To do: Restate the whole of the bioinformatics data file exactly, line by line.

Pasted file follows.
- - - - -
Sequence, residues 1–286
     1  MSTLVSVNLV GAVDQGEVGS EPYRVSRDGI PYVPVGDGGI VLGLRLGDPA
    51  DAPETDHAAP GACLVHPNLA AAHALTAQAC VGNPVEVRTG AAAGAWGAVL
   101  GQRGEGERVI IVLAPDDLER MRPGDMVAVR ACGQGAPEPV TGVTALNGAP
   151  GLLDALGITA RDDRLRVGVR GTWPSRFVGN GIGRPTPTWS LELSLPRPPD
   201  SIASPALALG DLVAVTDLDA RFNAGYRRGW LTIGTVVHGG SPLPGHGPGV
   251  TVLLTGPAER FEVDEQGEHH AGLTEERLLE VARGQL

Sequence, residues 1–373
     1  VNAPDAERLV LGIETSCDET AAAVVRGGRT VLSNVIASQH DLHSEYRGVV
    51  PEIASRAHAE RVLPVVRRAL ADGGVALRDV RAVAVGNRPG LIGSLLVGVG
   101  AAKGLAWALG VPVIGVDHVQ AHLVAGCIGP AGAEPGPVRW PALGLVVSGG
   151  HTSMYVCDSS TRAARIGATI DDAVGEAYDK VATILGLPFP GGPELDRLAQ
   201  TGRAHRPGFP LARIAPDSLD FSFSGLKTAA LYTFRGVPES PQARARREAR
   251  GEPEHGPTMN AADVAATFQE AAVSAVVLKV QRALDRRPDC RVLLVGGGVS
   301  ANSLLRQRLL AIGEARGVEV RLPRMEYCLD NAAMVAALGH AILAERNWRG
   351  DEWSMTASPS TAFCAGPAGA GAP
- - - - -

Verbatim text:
Sequence, residues 1–286
     1  MSTLVSVNLV GAVDQGEVGS EPYRVSRDGI PYVPVGDGGI VLGLRLGDPA
    51  DAPETDHAAP GACLVHPNLA AAHALTAQAC VGNPVEVRTG AAAGAWGAVL
   101  GQRGEGERVI IVLAPDDLER MRPGDMVAVR ACGQGAPEPV TGVTALNGAP
   151  GLLDALGITA RDDRLRVGVR GTWPSRFVGN GIGRPTPTWS LELSLPRPPD
   201  SIASPALALG DLVAVTDLDA RFNAGYRRGW LTIGTVVHGG SPLPGHGPGV
   251  TVLLTGPAER FEVDEQGEHH AGLTEERLLE VARGQL

Sequence, residues 1–373
     1  VNAPDAERLV LGIETSCDET AAAVVRGGRT VLSNVIASQH DLHSEYRGVV
    51  PEIASRAHAE RVLPVVRRAL ADGGVALRDV RAVAVGNRPG LIGSLLVGVG
   101  AAKGLAWALG VPVIGVDHVQ AHLVAGCIGP AGAEPGPVRW PALGLVVSGG
   151  HTSMYVCDSS TRAARIGATI DDAVGEAYDK VATILGLPFP GGPELDRLAQ
   201  TGRAHRPGFP LARIAPDSLD FSFSGLKTAA LYTFRGVPES PQARARREAR
   251  GEPEHGPTMN AADVAATFQE AAVSAVVLKV QRALDRRPDC RVLLVGGGVS
   301  ANSLLRQRLL AIGEARGVEV RLPRMEYCLD NAAMVAALGH AILAERNWRG
   351  DEWSMTASPS TAFCAGPAGA GAP